Start Here November '21

Issue link:

Contents of this Issue


Page 38 of 102

34 S T A R T H E R E 2 0 2 1 much movement during the stroke process and can cause the ink to smear. A loose screen can also cause issues with registration when using multiple screens and result in blurry or jagged edges. Be sure to use the correct mesh size (larger for the underbase and smaller for a highlight color). Typically, I prefer a 110 mesh for the underbase white and a 160 mesh for a highlight white. Some use a 160 mesh as the base white and then a 230 mesh for the highlight white for highly detailed prints. Emulsion Coating Next, let's examine the emulsion. Sufficient emulsion coverage is crucial to obtaining an opaque, crisp print. Proper emulsion coverage is measured in EOM (emulsion over mesh) and should be around +/- 20%. Be sure to coat the underside (shirt side) of the screen thicker than the ink side. A thicker emulsion coating acts like a stencil wall that allows the ink to only go where it's supposed to, like a gasket. A thinner emulsion coating may not block ink as effectively, letting ink meander into pockets caused by the mesh texture. The resulting print image may show messy edges or smearing. Squeegee Hardness The squeegee is an excellent tool for controlling the amount of ink deposited onto the garment — a softer squeegee deposits more ink than a harder squeegee. To deposit a good amount of ink and thus increase the opacity of the resulting print, I recom- mend using a 65/70 durometer (medium) squeegee for both the underbase and the highlight white print. Dense Film Another critical aspect of achieving a crisp and clean print is the film. The artwork should appear as black as possible. When you hold the film up to a strong light, does it show through the dark, positive areas? If it does, your image may not translate well onto the screen. Be sure to start with a film that shows the design as opaque as possible. Similarly, the "clear" part of the film should be very clear and translucent instead of milky (such as vellum). This is especially crucial when working with detailed artwork. Heated Platens After the screens are mounted, and squeegees prepared, warm up the platens for about 5-10 minutes before printing. This is important as the heated platens improve the adhesion quality of the platen adhesive and can help make the ink flow better. Mat-Down/Flattening Screen Another "tool" is a mat-down/flattening screen, used right after the underbase print is exposed to the flash. The mat-down screen Another "tool" you can use for crisp, white prints is a mat-down/flattening screen. Used right after the underbase print is exposed to the flash, the mat-down screen "irons" the still-hot ink and pushes down fabric fibers, creating a smooth print. Ink is usually the most consistent part of the equation but is blamed for 90% of the problems.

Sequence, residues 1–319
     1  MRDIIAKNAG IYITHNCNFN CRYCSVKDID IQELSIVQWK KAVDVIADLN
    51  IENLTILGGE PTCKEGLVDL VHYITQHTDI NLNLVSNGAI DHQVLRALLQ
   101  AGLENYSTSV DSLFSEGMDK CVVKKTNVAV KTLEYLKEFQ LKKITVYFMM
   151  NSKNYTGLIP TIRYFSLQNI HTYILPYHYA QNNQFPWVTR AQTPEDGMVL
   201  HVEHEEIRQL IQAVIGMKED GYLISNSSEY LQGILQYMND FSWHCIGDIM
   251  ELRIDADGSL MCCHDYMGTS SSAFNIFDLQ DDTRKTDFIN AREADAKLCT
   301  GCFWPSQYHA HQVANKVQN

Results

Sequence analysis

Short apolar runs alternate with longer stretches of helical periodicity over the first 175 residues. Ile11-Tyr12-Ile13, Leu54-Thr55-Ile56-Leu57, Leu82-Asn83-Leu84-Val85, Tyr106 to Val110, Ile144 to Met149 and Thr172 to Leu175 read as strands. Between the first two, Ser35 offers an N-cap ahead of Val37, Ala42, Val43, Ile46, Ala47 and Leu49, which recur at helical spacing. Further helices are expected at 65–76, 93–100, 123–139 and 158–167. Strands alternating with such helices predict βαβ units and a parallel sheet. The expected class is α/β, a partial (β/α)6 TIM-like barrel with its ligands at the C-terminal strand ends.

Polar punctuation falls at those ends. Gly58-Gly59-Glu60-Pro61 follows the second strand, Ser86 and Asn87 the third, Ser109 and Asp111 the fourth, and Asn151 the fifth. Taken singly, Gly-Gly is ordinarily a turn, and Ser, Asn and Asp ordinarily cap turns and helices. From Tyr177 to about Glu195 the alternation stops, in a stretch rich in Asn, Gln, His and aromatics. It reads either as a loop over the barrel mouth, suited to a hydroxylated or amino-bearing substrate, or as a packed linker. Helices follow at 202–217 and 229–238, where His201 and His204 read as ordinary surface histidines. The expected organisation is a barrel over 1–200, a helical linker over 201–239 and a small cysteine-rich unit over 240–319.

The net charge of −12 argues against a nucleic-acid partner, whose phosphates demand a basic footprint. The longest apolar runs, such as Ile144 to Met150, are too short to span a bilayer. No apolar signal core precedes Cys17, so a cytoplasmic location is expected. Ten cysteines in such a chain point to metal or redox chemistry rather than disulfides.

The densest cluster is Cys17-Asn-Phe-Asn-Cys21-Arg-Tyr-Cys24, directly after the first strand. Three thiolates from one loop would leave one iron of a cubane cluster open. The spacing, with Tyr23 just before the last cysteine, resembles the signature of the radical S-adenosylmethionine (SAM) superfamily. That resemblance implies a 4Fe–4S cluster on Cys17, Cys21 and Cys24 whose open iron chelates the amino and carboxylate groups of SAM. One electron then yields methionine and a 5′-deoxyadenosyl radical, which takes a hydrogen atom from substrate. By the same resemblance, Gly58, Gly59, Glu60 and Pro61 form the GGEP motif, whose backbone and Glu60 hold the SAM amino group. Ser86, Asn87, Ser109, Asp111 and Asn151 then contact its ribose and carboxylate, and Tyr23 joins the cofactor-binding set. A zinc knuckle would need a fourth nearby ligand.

Articles in this issue

Links on this page

view archives of GRAPHICS PRO - Start Here November '21